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Reel Time: Written on the Water GMA News TV (GMA Network, Inc. – Philippines)


What inspired you to make this film? How did you find these children?
For many students, going to school is as easy as riding a school bus or walking to a nearby campus.

But in Matnog, Sorsogon, children face more challenges. They were left with no options but to cross the rough sea and rocky terrain every time they need to go to school. Carrying bags, books and their school uniforms has been a Herculean task for them. For students who have been taking school for granted, we thought these children’s story would become a wake-up call and source of inspiration.

After getting information from a local reporter based in Sorsogon Province, we immediately traveled more than 16 hours from Manila to film their story. What we found out was more heartbreaking than we thought.

How did you develop the idea?
A bridge was promised to these children once, but it was never built. They were empty promises that were washed away with the current of the sea that the students cross every day.

The narrative raised an important question to the viewers, who were then getting ready to choose their next leaders in the national elections – why do these children suffer every time they go to school? How do we intend to reverse their future?

What difficulties did you encounter in filming this story?
We met a string of difficult situations while doing the documentary. The sea was not entirely cooperative during our shoot. While the children were used to the steep and muddy terrain, we found it difficult to cross mountains going to their school. There was also no electricity in some villages where we filmed the story, months after a strong typhoon hit the province. We were short of extra batteries for our cameras, so we had to travel to far-flung villages just to recharge.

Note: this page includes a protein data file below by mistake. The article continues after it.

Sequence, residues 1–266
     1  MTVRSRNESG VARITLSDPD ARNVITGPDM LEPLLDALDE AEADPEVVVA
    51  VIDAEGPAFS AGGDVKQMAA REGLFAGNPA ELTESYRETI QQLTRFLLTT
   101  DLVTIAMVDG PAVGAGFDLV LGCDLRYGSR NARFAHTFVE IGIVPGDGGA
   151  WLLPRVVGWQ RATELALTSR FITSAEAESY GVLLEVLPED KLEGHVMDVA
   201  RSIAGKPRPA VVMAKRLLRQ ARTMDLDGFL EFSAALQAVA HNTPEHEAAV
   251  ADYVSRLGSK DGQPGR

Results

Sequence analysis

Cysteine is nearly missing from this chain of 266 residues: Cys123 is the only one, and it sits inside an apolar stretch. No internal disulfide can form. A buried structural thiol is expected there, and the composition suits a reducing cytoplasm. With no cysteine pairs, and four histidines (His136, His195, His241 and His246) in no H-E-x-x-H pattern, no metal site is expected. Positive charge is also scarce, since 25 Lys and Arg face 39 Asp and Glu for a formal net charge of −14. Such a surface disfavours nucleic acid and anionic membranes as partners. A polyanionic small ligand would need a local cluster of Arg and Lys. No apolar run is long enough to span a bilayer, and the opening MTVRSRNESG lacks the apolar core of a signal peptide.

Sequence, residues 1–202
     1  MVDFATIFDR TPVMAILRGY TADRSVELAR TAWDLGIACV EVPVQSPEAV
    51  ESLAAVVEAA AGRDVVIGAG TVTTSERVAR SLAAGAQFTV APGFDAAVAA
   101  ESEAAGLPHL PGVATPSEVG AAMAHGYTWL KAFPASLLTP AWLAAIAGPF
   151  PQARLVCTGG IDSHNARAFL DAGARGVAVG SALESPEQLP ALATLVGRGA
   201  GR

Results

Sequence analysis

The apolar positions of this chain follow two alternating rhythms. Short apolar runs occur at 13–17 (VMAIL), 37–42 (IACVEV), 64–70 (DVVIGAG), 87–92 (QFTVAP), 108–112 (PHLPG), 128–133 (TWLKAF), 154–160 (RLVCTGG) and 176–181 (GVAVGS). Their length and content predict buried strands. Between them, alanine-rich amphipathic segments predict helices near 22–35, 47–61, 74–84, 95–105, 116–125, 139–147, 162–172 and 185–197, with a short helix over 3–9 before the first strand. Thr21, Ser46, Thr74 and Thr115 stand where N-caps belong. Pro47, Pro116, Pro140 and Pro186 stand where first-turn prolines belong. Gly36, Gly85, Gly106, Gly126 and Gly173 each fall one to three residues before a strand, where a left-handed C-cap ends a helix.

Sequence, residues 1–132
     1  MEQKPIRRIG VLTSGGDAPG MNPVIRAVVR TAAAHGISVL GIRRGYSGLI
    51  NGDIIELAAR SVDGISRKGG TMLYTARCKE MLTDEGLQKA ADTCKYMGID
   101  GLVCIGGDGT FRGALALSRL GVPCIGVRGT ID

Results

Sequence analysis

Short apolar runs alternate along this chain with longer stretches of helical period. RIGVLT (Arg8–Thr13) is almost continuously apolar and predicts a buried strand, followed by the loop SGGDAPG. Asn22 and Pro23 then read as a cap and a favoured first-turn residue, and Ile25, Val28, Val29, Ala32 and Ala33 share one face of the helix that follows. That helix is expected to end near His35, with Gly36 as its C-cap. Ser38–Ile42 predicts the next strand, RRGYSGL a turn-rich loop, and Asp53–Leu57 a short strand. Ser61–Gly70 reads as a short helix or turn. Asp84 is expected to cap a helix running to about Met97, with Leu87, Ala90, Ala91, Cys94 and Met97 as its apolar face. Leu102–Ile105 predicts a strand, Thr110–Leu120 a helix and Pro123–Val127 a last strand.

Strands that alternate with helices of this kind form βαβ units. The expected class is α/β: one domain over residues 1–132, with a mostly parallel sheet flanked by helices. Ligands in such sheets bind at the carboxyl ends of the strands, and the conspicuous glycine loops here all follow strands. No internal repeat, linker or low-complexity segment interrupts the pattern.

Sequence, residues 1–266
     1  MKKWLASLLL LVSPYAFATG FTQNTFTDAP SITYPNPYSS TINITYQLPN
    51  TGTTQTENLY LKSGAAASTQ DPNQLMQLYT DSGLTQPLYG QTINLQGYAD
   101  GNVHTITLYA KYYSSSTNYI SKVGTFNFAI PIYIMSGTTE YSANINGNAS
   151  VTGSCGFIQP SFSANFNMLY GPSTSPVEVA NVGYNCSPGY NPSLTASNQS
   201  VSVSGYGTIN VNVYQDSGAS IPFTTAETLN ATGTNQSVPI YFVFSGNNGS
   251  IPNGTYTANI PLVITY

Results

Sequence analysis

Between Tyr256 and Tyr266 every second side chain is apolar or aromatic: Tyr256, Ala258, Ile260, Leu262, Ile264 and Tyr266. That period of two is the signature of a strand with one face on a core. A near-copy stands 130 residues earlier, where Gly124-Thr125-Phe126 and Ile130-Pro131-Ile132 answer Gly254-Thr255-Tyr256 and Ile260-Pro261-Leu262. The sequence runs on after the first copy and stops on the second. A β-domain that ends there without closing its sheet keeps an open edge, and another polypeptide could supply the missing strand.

What has been the reaction from audiences after watching the programme? Have there been any changes after it was shown?
There was an outpour of positive reactions from the audience who were able to see the documentary on air and online. Weeks after its initial broadcast, some groups organized a fund drive and outreach project to send bags, books and other school supplies. Yellow Boat of Hope, through its donors, was able to build motorboats so that children can commute going to school.

The voters also selected new local leaders who they hope could really bring change and fulfill their promises of uplifting the kind of life they have right now.

What are your plans to promote children's rights in the future?
Reel Time will continue to be at the forefront in producing eye-opening documentaries, which examine the challenges that children face in search of a better future. Hopefully, we can work with different production entities from around the world for possible documentary collaboration.


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